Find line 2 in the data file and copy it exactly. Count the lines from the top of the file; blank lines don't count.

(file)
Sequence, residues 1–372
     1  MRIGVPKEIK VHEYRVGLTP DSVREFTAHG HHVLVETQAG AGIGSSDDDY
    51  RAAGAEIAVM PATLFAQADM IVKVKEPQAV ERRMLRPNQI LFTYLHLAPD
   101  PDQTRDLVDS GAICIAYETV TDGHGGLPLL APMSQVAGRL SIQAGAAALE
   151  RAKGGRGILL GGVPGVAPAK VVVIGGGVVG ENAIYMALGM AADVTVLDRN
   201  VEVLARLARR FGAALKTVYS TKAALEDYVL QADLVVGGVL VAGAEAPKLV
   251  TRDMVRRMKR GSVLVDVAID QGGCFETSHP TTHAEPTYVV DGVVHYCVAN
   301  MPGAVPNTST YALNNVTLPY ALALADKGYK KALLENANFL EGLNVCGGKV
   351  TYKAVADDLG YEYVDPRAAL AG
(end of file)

     1  MRIGVPKEIK VHEYRVGLTP DSVREFTAHG HHVLVETQAG AGIGSSDDDY